These types of protests are often called “nonviolent protests.” If you’re considering participating in or organizing a nonviolent protest, we strongly encourage you to research tactics, history and shared knowledge.
- Stories and examples of nonviolent protest in the United States.
- Center for Applied Nonviolence Safety Training.
- International Institute for Nonviolent Action handbook
Follow the Groups or People Doing The Work
Powerhouse organizations on Insta:
ACLU, Lambda Legal, the NCLR, TransEquality,
Individual activists or orgs on Twitter:
Erin Reed, the Trans Formations Project, Chase Strangio, and Alejandra Caraballo.
What Are The Laws and Policies In Your State?
Discriminatory laws are often immediately challenged. One of the first steps in a lawsuit is to ask the court to block the law from being enforced or going into effect (often called “enjoined”) while the case progresses.
Instead of detailing each bill and law in each state, we’d like to direct you to Track Trans Legislation. You can use their tool to see the status of anti-trans bills in states across the United States. You can filter by state, bill type (including youth athletics, youth healthcare, and educational restrictions), and bill status. The most common bills, laws, and policies right now seek to restrict:
- access to health care for trans youth,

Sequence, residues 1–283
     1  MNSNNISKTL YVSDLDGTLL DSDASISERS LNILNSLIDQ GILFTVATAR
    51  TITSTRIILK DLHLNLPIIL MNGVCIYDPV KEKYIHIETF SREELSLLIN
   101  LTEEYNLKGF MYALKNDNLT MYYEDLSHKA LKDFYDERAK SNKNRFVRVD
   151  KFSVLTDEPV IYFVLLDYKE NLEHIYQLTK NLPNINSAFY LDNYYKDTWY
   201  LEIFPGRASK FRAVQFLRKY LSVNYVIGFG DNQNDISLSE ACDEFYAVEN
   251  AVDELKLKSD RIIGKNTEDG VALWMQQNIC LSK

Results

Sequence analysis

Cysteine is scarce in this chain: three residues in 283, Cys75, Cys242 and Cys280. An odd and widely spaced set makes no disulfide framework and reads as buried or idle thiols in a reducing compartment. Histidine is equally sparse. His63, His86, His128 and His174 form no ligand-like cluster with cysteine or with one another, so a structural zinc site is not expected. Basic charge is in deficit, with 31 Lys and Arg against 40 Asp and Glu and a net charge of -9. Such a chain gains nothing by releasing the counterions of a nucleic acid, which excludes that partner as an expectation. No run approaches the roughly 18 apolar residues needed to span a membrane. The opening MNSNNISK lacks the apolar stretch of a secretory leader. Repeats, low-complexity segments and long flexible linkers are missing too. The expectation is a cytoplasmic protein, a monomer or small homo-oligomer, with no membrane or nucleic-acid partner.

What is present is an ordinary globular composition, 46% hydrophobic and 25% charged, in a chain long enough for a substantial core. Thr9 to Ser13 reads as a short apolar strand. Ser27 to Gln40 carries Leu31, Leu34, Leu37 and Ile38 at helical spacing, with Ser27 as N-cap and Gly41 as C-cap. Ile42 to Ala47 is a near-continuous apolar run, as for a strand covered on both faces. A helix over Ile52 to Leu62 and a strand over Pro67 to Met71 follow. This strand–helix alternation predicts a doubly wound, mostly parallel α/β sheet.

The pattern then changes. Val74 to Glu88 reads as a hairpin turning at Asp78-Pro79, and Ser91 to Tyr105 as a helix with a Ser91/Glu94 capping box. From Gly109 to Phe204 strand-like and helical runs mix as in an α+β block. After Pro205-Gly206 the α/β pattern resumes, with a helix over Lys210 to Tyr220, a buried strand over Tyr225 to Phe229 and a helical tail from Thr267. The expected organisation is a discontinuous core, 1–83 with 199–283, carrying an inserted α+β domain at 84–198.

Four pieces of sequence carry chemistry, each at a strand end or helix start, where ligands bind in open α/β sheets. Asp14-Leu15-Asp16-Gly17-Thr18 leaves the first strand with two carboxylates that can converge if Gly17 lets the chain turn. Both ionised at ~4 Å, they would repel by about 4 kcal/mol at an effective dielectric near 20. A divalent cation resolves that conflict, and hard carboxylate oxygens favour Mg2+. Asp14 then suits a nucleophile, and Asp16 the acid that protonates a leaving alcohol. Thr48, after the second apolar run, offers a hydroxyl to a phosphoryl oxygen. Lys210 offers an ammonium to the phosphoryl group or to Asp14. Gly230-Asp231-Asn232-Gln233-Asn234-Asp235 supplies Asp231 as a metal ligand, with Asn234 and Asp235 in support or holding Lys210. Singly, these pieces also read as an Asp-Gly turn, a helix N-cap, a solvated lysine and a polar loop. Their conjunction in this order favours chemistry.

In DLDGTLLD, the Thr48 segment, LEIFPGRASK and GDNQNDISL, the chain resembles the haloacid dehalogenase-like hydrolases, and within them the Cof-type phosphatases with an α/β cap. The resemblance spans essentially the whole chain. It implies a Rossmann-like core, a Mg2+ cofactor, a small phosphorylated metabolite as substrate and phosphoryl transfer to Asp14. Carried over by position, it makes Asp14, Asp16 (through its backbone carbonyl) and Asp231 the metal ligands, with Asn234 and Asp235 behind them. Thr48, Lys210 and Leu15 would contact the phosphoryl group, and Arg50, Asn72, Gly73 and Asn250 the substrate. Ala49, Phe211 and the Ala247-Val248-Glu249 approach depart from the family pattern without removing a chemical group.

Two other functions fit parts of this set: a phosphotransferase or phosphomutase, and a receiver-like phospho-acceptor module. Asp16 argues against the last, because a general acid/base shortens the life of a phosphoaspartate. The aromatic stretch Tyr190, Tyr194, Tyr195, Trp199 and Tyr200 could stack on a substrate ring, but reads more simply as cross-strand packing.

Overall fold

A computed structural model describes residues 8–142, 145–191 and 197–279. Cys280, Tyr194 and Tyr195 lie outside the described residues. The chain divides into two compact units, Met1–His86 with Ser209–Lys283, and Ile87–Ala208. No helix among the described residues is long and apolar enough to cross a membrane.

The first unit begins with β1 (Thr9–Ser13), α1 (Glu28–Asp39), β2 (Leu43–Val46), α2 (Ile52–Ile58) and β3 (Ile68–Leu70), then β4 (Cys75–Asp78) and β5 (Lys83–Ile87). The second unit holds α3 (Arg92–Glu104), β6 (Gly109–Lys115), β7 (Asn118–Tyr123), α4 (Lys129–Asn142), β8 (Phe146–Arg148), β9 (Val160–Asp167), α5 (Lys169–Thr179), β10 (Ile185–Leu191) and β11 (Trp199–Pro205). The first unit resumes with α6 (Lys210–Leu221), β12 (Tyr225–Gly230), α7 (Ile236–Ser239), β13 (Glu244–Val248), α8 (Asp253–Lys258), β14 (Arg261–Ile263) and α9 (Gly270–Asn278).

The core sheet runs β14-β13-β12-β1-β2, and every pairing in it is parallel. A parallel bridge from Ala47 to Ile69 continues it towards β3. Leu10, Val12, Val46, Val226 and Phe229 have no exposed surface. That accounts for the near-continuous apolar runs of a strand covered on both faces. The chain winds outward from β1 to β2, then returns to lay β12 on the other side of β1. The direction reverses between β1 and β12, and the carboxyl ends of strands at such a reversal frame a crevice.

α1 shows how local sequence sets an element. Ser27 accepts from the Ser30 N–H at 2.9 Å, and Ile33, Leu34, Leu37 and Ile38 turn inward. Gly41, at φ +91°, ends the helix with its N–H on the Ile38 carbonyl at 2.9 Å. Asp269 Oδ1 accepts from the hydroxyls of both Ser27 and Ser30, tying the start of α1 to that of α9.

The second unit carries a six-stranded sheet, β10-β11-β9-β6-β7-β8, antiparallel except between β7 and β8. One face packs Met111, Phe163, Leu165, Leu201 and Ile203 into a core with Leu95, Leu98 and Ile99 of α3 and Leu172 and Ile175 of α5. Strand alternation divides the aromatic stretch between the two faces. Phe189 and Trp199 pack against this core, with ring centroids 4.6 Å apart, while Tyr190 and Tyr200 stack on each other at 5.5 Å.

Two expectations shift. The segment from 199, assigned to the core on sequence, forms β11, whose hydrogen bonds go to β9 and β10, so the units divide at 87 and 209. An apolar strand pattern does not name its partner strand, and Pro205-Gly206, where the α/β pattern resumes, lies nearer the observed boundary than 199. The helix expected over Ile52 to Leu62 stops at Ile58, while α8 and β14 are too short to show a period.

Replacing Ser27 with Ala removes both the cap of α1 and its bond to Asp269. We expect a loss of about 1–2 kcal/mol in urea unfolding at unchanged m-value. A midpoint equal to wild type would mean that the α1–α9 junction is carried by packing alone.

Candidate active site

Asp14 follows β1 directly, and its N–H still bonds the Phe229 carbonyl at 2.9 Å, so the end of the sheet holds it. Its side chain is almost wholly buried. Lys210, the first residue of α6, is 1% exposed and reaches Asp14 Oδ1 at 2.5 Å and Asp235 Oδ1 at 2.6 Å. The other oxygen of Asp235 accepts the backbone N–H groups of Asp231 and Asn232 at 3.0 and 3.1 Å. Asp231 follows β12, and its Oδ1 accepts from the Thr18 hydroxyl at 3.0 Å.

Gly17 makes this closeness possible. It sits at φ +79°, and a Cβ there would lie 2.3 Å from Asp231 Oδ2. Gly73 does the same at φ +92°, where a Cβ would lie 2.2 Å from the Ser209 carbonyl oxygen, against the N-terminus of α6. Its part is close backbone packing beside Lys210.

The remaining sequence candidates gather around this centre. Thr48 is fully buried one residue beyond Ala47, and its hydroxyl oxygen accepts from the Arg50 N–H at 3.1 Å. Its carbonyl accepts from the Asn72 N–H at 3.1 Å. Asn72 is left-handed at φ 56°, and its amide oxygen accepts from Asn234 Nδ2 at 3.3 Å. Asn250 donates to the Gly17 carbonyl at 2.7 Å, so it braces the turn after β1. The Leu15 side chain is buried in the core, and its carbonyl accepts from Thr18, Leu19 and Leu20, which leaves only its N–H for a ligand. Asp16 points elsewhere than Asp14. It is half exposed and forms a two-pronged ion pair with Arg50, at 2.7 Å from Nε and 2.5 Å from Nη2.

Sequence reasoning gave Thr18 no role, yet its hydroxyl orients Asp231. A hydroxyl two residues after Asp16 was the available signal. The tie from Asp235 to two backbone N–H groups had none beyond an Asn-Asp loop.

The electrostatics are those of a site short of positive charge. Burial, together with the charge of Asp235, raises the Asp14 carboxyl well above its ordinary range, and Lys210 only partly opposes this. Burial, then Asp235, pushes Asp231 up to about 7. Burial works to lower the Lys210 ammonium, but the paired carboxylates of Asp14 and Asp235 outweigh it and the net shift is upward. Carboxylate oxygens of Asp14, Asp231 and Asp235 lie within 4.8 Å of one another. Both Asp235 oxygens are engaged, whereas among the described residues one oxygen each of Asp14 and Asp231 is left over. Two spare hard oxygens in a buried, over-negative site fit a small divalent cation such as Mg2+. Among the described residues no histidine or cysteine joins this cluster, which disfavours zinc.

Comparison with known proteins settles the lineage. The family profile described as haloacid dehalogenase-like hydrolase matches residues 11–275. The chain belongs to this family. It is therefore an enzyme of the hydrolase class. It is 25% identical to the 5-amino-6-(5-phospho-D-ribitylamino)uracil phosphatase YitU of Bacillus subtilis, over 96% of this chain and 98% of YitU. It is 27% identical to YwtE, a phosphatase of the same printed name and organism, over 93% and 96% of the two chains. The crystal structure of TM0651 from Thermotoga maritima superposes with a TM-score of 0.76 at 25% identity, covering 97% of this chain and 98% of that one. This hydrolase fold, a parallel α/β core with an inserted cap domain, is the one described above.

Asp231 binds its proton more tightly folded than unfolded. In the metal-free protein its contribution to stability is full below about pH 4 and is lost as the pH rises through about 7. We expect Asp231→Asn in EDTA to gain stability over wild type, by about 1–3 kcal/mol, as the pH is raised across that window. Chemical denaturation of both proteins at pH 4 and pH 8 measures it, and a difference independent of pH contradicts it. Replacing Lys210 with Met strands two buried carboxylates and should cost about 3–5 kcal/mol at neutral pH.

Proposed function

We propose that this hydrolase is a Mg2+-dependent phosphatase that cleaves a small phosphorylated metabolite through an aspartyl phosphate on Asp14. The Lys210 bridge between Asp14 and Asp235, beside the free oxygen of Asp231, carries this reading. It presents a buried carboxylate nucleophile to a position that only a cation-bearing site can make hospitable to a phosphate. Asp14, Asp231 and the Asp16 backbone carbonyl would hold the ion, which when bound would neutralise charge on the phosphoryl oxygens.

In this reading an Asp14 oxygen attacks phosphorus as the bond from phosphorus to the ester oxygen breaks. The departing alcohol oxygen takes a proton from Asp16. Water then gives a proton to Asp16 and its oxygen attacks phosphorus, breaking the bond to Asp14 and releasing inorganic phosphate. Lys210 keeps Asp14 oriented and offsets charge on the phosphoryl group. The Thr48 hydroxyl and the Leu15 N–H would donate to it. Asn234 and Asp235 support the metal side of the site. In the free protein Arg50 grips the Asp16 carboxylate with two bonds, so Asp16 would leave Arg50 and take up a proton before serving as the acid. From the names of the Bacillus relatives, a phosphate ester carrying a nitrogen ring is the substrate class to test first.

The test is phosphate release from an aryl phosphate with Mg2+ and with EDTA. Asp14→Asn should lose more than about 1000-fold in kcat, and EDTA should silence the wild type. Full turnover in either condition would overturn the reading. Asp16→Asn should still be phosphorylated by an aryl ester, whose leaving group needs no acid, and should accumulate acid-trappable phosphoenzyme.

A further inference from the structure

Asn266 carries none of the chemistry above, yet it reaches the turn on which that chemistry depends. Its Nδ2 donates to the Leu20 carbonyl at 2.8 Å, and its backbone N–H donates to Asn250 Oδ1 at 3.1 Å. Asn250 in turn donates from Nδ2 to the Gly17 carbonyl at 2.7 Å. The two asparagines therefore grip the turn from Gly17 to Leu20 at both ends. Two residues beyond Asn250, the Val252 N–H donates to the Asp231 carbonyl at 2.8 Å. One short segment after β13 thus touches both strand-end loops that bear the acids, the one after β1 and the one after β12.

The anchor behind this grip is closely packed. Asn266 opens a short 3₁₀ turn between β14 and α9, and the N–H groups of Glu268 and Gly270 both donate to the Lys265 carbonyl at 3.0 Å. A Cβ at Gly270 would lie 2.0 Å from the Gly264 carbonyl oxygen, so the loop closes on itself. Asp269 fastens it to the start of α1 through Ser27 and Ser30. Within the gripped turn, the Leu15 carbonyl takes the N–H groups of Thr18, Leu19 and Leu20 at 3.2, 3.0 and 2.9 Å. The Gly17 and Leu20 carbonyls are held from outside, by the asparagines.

- Equal access to educational programs such as athletics
- Gender affirming school policies such as restroom access and name and pronoun use
- Student privacy (such as required disclosure to parents/legal guardians about gender identity, counseling, or psychological data)
- Student and educator free speech (such as Florida’s Don’t Say Gay bill)
Track Trans Legislation also contains a tool to help you create a letter, email, or phone script to contact your legislators.
We want to highlight some court victories and active cases. For the current status of laws in your state, we recommend your state ACLU chapter, the Lambda Legal In Your State tool, and Legal Help Desk and the NCLR. Yes, we keep linking to them, but they’re that good.
A quick break to talk about the federal court system:
Federal courts deal with questions of constitutionality and federal law. A state law challenged on a constitutional basis is tried in US District Court. Appeals to District Court cases are heard at the Circuit Court Level. Appeals to Circuit Court decisions may go to the Supreme Court.
A ruling in a district court only applies to the state the court is in. A circuit court ruling affects all of the states in that region. A ruling at the Supreme Court applies to the entire United States of America. For more detailed information:
The lawyers, organizations, and firms fighting trans and LGBTQ discrimination are ON IT.
For example, the Florida banned Medicaid coverage of gender affirming care on August 11, 2022. On September7th, Lambda Legal filed a suit. Often (but not always,) discriminatory laws are blocked from going into effect while the court cases proceed.
Some Recent Court Cases and Governmental Actions
June 2021: Department of Justice files statements in two court cases (West Virginia and Arkansas) that athletic and healthcare bans for transgender youth are unconstitutional. The US Department of Justice is on our side.